A Problem with Revolution in the Internet Era


For a more-timely-than-they-could-have-known podcast, give a listen to Russ Roberts’s interview of Martin Gurri on the latter’s book, The Revolt of the Public.  The idea, basically, is that a “digital tsunami” is overwhelming the old institutions that held things together because information isn’t collated and protected by a clerisy. Here’s an interesting portion of the interview transcribed on the podcast’s site:

Martin Gurri: A major difference in the age of the tsunami when you have these revolts–these revolts of the public–from what I experienced when I was a younger man is that: the public avoids organization, disdains ideology, has no interest in programs. And, in fact, if you look at what the public is–and that’s probably an important thing to get down to the table–I grew up in the era of mass media when there was a mass audience, and I was part of that mass. And, to me, it was always kind of like a gigantic mirror which, all of us in America, you could see ourselves in there. And, we knew that everybody else was there, too.

That mirror has fallen and shattered. And the public now inhabits the broken pieces on the floor. There is no real public. There are many. Just saying ‘public’ sounds stupid.

So, I’m going to keep talking about the public, but understand many. Many, and mutually hostile.

So, how do you get people to essentially sacrifice their lives in a place like Tahrir Square on behalf of an anti-Mubarak protest? How do you get people in Tel Aviv–and there are hundreds of thousands–to protest for social justice, they thought?

Well, you basically focus on what you are against. You focused, laser-like, on what you are against. And you are against the status quo. And, once the status quo turns to you and says, ‘You got me. I’m ready to negotiate. What do you want?’ Silence. Because the public has no organization. It has no ideology, it has no programs, no leadership.

So, the public can only–I think somebody called it a tactical freeze. I forget who it was who said that. Once you start this protest, whatever you are protesting, that’s what you’re stuck on. All right? I don’t remember who said that, but that is not original with me.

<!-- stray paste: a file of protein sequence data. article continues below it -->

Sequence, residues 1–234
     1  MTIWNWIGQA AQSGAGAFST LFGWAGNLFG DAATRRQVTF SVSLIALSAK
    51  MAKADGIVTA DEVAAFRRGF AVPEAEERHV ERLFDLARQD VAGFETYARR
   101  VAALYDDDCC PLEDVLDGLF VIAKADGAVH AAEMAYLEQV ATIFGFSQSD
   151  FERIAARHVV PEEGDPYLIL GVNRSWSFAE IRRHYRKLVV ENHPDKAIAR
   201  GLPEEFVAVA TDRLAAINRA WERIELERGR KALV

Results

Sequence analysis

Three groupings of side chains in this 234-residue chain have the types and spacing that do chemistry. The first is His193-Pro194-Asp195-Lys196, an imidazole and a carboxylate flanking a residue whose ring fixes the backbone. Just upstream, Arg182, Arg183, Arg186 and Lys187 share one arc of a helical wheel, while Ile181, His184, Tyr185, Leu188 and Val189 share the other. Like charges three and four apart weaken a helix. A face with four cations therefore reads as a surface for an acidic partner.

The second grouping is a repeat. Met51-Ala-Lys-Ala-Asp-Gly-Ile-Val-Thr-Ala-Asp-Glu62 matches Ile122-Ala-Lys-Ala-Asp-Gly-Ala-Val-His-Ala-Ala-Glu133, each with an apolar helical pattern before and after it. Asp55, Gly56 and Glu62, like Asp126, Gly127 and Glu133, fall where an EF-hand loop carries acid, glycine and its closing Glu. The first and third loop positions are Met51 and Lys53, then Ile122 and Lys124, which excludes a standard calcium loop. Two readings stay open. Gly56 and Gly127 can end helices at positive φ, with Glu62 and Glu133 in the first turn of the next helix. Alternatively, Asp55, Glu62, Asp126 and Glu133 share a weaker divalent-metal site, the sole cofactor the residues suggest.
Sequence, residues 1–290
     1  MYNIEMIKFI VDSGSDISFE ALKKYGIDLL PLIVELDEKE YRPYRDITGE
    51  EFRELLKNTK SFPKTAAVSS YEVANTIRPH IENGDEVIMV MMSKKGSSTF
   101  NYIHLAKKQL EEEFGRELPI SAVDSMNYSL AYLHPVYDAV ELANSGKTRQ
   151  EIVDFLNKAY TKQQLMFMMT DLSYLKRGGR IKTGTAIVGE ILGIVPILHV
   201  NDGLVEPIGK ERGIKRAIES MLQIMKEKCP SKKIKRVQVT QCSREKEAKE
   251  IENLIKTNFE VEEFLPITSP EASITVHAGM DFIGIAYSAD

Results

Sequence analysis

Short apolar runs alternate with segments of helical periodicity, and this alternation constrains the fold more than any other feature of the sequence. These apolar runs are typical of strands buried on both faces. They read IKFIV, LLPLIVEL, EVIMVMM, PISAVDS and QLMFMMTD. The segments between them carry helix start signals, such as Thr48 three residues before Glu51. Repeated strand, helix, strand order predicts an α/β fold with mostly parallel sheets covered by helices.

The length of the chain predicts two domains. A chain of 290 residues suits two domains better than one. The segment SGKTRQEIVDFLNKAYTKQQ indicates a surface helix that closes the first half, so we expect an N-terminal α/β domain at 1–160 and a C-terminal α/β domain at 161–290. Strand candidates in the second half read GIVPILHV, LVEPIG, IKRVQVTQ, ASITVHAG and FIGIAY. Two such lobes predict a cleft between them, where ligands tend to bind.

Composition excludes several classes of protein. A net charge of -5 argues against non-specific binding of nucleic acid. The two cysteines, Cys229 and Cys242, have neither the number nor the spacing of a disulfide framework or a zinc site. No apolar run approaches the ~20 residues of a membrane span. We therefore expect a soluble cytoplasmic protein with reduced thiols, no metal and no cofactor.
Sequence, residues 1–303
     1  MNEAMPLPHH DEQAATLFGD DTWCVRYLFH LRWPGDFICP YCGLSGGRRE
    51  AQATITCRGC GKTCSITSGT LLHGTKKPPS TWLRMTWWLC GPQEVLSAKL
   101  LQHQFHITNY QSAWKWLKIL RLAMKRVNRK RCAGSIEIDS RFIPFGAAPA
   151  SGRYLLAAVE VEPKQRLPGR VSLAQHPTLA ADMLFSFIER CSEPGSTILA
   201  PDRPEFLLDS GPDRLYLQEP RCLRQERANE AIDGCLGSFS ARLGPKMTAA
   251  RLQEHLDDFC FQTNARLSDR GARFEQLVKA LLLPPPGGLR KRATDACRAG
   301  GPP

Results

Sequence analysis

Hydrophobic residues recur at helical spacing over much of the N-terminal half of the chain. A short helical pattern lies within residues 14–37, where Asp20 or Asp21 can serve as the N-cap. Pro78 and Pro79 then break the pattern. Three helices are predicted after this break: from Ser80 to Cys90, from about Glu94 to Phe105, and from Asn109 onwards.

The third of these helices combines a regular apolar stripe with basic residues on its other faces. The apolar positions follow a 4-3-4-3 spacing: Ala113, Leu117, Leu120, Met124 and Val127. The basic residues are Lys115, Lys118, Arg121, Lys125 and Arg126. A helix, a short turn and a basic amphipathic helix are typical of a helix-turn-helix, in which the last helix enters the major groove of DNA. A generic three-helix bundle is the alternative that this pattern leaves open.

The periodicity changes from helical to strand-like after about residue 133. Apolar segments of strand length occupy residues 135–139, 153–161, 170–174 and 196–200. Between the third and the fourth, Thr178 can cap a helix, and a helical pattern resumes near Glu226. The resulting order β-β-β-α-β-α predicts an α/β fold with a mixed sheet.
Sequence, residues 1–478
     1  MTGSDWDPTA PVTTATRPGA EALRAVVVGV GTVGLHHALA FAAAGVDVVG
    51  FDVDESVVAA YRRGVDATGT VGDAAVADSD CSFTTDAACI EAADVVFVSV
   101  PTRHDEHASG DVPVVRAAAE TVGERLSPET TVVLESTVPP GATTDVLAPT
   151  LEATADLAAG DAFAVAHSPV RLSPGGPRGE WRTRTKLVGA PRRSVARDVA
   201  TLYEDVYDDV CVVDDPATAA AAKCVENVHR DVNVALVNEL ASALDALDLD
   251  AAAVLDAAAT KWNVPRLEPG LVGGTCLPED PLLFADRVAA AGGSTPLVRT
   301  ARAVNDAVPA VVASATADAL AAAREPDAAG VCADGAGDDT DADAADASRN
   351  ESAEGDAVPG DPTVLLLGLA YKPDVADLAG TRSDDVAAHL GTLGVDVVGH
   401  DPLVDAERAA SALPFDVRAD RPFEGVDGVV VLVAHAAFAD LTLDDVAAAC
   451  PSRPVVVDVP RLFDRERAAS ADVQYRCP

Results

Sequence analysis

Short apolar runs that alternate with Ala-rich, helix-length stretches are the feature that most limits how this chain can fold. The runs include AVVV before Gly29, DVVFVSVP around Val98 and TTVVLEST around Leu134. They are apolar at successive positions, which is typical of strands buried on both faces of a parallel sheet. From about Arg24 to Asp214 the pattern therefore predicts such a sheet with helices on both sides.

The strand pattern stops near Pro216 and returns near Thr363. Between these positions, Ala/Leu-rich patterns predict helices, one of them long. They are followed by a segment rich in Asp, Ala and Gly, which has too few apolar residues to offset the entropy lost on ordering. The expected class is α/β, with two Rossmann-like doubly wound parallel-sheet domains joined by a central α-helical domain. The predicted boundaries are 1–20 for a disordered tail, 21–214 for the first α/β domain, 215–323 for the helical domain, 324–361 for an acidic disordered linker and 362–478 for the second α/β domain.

And, so you, in the end, have a situation in Egypt, for example, where the protestors managed to engineer the overthrow of Mubarak. I think really the army stepped in and said, ‘You got to go, old man.’

But, in the end, the landscape wants to happen, nothing. Because there was no program. There was some assumption of democracy was going to happen. So, two big institutions, the Egyptian military and the Muslim brotherhood, fought it out for the next five years or so. So, it was the opposite of what the crowd in Tahrir Square, the protesters, had intended.

The two go on to discuss examples of the past which seem like they might contradict Curri’s theory because they were “public revolts” in the era before the Internet.  His response was that those (think 1968 radicals) actually surrounded small hierarchical cores.

This makes sense.  Technology may be allowing revolutions to organize too quickly for any sort of organization or coherent thought to develop.  So, they overthrow a status quo with no plan or, as in Egypt, simply get co-opted by another power base.

This is a risk of technology that appears all over the place.  Fifteen years or so ago, document layout and website design became so simple that any secretary could do it, but that meant things were often designed without any background in design.

Alternately, think of software that helps with management of anything, whether relationships (as with customers) or ideas (as with writing).  Often in such processes, the seemingly excess time handling the thing being managed is key.  If you automate everything, you can lose touch with it, meaning intimate knowledge.  You think about it and plan around it once and then step away.

The more automatically things can happen, the more thoughtful you have to be, and as an organization or a society, we need to develop processes to make sure that isn’t lost.  In social terms, that means a reluctance to throw out institutions and principles simply because there is objection to them.

If you’re taking a building apart stud by stud, you have plenty of opportunity to come across features or qualities that you don’t want to lose, and you have plenty of time to make sure you really want to destroy the whole thing.  When you can simply blow it up, that opportunity for consideration is gone.